Our review of Disturbing Behavior (1998) (Blu-ray), published March 13th, 2016, is also available.
It doesn't matter if you're not perfect. You will be.
It doesn't matter that Disturbing Behavior isn't perfect, because it could have been.
If Disturbing Behavior was a bare-bones disc, I'd be writing it up as a slightly better than mediocre movie. But, the disc contains the key to why it's not a better movie than it is…and the blame rests entirely on MGM.
Disturbing Behavior was directed by David Nutter, in his big-studio movie debut. He has directed episodes for several television shows, including 21 Jump Street, ER, and most notably, The X-Files. Of the latter, he directed some of the best episodes of the first three seasons, including "Nisei," "Blood," and "Clyde Bruckman's Final Repose." If you know that Nutter has this background, you can see what sort of movie he was trying to make: a conspiracy thriller. However, in the wake of Scream, MGM was only looking to release a teen-targeted horror movie. In the editing process, much of the conspiracy plot was left on the cutting room floor, and all of the "jump beats" and action to scare teeny-boppers were left in with little context. Thankfully, the best scenes that didn't make it are included on the DVD with optional commentary by Nutter.
Disturbing Behavior takes place in a small town in the San Juan Islands of northern Washington State. Its high school is full of your typical cliques—the stoners, the gearheads, the nerds…and the Blue Ribbons. They are the epitome of good behavior. They excel in their classes and sports, and are model citizens. That's what makes them so creepy. A new kid, Steve (James Mardsen, The X-Men) is befriended by two of the kids who don't easily fit into the other groups: the paranoid Gavin (Nick Stahl, The Man Without A Face, The Thin Red Line) and sexy Rachel (Katie Holmes, Go, Wonder Boys, TV's Dawson's Creek). Gavin is worried that there are sinister forces at work in Cradle Bay, and the entire problem seems to lead back to the school counselor, Dr. Caldicott (Bruce Greenwood, Passenger 57, Double Jeopardy). Gavin's friends humor his delusions until one night he is transformed from his druggy, underachieving self into a member of the Blue Ribbons. It's at that point that Steve and Rachel realize that there really is something amiss, and try to unravel Caldicott's machinations while avoiding the zombified state of the Blue Ribbons.
Like I said before, it's all pretty standard teen fare throughout the movie. It's not until you see the deleted scenes that you see why Caldicott is using the teens of Cradle Bay as guinea pigs for his experiments, and why the adults of the little town are all too willing to see their teens' personalities taken away in favor of becoming sweater-wearing, overachieving automatons. Disturbing Behavior screams for a director's cut. Like Blade Runner, a nearsighted studio radically changed the vision of the movie. But unlike Ridley Scott's sci-fi masterpiece, Disturbing Behavior does not have a cult following that would appreciate the effort that would go into a different version of the movie. So, we're stuck with watching the best parts of the movie as supplements rather than as part of the whole.
The DVD presentation of Disturbing Behavior is impressive. The movie is presented in 1.85:1 anamorphic widescreen and pan-n-scan, on opposite sides of the disc. The anamorphic picture is terrific, with very few artifacts or blemishes to distract. A great deal of the movie takes place in the dark, and the black level is dead-on perfect. Shadow detail is excellent, and there is no murkiness. Audio is presented in Dolby Digital 5.1 and is also perfect. The sound stage is expansive, and directional effects abound. The score is projected all around the viewer, and draws you into the conspiratorial plot. (The score, by the way, was written by Mark Snow, also responsible for the theme music of The X-Files. It's chilling.)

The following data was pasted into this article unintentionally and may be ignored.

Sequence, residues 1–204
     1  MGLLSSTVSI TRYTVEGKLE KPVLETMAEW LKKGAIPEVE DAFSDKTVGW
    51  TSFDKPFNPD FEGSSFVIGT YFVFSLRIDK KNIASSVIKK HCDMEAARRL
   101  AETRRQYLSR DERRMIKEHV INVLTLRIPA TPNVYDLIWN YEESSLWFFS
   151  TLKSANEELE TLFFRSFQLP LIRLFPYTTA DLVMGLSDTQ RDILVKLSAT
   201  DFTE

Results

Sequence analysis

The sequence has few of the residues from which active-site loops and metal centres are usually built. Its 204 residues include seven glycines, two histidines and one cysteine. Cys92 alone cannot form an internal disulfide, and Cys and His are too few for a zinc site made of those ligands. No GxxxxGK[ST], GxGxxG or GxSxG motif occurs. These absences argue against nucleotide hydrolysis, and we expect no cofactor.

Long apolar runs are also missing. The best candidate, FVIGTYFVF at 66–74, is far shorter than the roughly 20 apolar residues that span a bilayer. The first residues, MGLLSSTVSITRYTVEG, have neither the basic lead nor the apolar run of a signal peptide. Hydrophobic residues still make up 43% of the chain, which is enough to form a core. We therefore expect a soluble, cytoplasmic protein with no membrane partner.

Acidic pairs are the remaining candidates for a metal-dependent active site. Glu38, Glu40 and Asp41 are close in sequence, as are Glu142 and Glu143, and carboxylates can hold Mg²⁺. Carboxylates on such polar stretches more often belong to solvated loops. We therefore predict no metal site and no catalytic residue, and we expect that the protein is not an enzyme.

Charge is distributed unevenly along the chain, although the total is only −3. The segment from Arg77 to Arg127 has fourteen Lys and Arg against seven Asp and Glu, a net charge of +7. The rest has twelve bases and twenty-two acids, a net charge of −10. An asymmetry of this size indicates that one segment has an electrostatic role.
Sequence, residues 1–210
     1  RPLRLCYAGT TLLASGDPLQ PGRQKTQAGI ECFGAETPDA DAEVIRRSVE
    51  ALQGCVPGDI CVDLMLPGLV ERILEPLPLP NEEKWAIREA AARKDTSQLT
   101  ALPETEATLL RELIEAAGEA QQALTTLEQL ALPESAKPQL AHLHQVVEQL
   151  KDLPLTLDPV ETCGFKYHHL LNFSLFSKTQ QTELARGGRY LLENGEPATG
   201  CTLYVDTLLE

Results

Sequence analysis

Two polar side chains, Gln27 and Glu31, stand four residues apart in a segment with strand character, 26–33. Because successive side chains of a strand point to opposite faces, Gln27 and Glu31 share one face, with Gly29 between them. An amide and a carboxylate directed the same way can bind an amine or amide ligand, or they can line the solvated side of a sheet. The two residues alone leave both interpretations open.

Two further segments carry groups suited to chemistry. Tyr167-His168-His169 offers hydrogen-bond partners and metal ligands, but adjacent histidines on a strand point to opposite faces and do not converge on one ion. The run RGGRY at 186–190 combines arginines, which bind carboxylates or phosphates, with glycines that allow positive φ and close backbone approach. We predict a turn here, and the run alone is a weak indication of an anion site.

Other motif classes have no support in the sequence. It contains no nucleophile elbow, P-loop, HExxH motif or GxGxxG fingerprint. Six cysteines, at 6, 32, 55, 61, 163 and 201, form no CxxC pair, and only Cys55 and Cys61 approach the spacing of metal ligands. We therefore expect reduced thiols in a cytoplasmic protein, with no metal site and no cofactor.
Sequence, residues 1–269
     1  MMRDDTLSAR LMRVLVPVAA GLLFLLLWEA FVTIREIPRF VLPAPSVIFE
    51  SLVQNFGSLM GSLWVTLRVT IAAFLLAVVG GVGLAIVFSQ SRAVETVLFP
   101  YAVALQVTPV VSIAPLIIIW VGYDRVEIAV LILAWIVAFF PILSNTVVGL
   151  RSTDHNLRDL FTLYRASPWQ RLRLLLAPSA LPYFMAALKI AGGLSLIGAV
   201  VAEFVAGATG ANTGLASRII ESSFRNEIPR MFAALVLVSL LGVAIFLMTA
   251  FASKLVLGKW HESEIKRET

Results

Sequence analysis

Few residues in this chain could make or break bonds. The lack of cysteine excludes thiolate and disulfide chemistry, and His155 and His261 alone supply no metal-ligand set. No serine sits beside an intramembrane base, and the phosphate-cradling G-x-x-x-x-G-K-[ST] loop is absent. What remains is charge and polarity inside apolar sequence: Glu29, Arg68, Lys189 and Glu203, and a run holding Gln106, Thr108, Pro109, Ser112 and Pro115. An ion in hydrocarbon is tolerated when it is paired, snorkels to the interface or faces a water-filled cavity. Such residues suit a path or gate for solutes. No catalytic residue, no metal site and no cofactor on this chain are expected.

The extras (other than the essential deleted scenes) include a commentary track, the theatrical trailer, and a music video. The commentary was recorded by David Nutter. He avoids talking about technical details. Instead, he discusses the plot and the trials of making a Hollywood movie. It's one of the best commentaries I've heard—not necessarily the most entertaining (that award would have to go to Mallrats), but one of the most enlightening. The trailer is presented in 1.85:1 anamorphic with stereo sound. The music video is of the Flys' song, "Got You Where I Want You." It's full-frame with stereo sound. The song has One-Hit Wonder written all over it, but the song, movie, and video are tied together a bit more closely than songs in other teen flicks.
The Rebuttal Witnesses
The Alpha keep case and double-sided disc are the only things about which I can complain. Considering the movie is rather short and there isn't a plethora of extras, it would have been nice to see both versions of the movie on a single side of a dual-layered disc, like The Big Lebowski, A Bug's Life, or Blue Streak.
If you're an X-phile or just like smartly-written conspiratorial plots that don't involve alien abductions, at least give Disturbing Behavior a rental. At $24.99US list price, and under $20US at most online outlets, it's a good buy too.
David Nutter, the court grants you final cut privileges on your subsequent films and awards punitive damages for the mess MGM made of this movie. MGM is sentenced to keep up their quality DVD releases, but let filmmakers make their own damn movies.
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Scales of Justice
• Deleted Scenes
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